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August 13, 2008 > Ohlone Humane Society: Kids making choices...putting tradition under the microscope

Ohlone Humane Society: Kids making choices...putting tradition under the microscope

By Nancy Lyon

Kids are fast learners. They can quickly spot the difference between what adults preach and what is actually done. As responsible adults, we teach impressionable youngsters that non-violence is always the best choice...but do we really mean it or just as long as it is convenient or doesn't question tradition?

Violence takes many forms. Each school year middle-school and high school biology students are often required to dissect a preserved animal specifically killed for classroom use or kill one for the purpose of study even though more cost- effective and humane alternatives are readily available.

Many think that biology, as the "study of life" should be designed to instill in students an interest in, and respect for all living things. This follows the concept that these objectives are best met when biology education focuses on animals as living, sentient creatures, emphasizing their behavior, life history patterns and relationships with their environment.

Others, trapped in tradition, argue that dissecting animals killed specifically for study or pithing live frogs - a procedure used in biology classes to immobilize a specimen - are the best methods to teach biology and physiology.

How effective are the alternatives? Recent evidence about the efficiency of alternative methods, not to mention their obvious cost-effectiveness, is making it increasingly difficult for school districts to balk at providing students with options other than dissection.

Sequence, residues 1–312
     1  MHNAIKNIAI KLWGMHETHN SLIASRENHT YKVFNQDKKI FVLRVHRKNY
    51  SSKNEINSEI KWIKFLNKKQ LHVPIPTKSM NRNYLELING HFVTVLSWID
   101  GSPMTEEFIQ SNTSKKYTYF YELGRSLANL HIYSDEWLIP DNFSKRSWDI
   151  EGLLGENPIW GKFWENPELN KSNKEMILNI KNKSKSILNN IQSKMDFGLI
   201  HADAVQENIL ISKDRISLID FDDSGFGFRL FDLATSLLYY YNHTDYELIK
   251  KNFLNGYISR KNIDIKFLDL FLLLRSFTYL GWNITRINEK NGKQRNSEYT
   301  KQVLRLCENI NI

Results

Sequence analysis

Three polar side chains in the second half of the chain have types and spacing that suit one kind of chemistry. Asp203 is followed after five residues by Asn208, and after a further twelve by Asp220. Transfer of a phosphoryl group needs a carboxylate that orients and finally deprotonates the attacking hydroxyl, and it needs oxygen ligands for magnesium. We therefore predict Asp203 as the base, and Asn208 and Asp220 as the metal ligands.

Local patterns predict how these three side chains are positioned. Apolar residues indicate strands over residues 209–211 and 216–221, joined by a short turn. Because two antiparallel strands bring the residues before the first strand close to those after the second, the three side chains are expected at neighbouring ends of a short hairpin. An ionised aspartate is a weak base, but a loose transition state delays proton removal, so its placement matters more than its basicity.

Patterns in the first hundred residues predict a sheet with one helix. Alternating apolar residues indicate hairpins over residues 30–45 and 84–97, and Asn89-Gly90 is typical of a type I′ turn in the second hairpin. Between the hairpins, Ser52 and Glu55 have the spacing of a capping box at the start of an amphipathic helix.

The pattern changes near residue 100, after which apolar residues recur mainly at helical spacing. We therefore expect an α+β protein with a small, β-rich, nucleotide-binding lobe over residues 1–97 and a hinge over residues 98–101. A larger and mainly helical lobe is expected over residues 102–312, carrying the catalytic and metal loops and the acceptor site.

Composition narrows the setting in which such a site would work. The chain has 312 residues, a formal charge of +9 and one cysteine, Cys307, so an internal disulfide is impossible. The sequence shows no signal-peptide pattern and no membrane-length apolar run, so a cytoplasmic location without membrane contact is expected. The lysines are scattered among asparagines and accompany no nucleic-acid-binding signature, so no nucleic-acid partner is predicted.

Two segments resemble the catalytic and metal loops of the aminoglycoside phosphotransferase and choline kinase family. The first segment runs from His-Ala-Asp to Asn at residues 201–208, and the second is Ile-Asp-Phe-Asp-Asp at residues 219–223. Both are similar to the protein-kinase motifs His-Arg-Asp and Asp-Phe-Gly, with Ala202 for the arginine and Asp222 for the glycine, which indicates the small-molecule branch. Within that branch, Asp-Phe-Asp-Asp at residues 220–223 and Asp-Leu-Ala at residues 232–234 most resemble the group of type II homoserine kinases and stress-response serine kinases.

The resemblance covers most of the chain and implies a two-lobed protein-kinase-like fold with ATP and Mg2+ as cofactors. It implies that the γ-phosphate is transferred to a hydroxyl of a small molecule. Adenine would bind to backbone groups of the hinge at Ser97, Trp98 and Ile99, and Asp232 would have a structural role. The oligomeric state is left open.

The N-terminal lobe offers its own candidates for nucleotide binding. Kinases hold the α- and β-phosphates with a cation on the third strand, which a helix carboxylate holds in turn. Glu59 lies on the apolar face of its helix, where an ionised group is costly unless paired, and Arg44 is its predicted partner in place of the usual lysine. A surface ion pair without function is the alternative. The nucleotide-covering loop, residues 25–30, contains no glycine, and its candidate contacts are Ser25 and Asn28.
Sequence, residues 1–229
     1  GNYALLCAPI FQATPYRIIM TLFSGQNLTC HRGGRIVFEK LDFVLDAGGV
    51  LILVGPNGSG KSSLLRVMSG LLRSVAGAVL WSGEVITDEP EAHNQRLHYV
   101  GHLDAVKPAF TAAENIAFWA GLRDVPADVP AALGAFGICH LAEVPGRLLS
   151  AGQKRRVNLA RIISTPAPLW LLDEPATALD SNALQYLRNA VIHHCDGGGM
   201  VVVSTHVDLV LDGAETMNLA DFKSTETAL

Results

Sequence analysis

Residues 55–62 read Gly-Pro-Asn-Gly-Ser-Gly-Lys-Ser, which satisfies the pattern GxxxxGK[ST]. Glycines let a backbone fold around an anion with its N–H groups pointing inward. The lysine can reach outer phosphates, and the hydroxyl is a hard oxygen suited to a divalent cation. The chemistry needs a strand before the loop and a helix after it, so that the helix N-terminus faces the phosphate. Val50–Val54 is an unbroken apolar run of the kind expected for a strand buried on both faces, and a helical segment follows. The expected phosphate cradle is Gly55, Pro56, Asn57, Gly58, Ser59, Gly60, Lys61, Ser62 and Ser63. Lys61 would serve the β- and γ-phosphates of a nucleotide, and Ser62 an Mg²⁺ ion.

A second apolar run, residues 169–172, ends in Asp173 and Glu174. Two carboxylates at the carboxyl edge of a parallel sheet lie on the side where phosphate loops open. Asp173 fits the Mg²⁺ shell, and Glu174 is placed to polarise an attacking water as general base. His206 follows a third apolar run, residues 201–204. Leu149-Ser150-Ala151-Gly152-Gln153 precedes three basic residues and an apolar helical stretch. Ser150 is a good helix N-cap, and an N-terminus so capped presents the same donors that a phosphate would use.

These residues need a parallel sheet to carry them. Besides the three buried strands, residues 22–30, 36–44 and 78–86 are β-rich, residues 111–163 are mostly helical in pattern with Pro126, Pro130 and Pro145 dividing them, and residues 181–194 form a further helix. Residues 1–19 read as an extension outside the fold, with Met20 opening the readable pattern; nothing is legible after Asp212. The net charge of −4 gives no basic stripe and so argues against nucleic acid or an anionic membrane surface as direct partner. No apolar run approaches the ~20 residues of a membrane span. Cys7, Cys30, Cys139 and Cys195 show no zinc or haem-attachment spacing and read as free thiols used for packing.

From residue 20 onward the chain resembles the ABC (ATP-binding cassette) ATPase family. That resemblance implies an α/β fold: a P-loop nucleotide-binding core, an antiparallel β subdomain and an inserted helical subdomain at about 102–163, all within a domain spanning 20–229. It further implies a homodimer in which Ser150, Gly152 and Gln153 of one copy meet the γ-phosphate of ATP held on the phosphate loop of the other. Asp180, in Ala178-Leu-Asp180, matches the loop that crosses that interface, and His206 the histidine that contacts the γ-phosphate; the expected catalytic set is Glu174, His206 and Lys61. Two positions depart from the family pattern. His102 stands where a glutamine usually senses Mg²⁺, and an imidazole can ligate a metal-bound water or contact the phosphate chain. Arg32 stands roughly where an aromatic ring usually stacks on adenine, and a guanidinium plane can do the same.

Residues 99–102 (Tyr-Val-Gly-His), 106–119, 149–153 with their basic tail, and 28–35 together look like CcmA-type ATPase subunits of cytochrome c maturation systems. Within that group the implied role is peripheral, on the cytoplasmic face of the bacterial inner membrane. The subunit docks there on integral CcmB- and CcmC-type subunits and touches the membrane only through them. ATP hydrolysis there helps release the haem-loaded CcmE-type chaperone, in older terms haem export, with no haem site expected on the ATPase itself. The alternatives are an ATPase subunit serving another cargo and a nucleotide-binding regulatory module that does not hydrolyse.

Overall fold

A list of 29 studies compiled by the Humane Society of the United States (HSUS) compared alternative methods against dissection and other animal uses. In 28 of those studies, researchers found that students using alternatives such as models and computer simulations performed as well or better in tests than students who conducted traditional dissections.

Many students have long questioned the morality of harming and killing animals as part of classroom instruction. In the past, a student refusing to take part in dissecting animals had no recourse - a lowered grade or class failure was often the result of acting on the dictates of their conscience. Dissection alienates many compassionate students from life science and as a result, many bright students choose careers in other fields.
The process of obtaining animals for classroom study is rarely ever discussed and most would be appalled to know how innocent dogs and cats are snatched off streets of neighboring countries (and sometimes illegally in this country) and housed in disease-ridden, cramped conditions before they are brutally killed.
Statistics gathered by the HSUS estimates that, every year more than six million animals are collected and killed for dissection in U.S. high schools alone, including frogs, fetal pigs, dogs, cats and other animals. This misuse of life continues despite the efforts of students, parents and animal advocates who argue against policies that penalize students who refuse to dissect animals on ethical grounds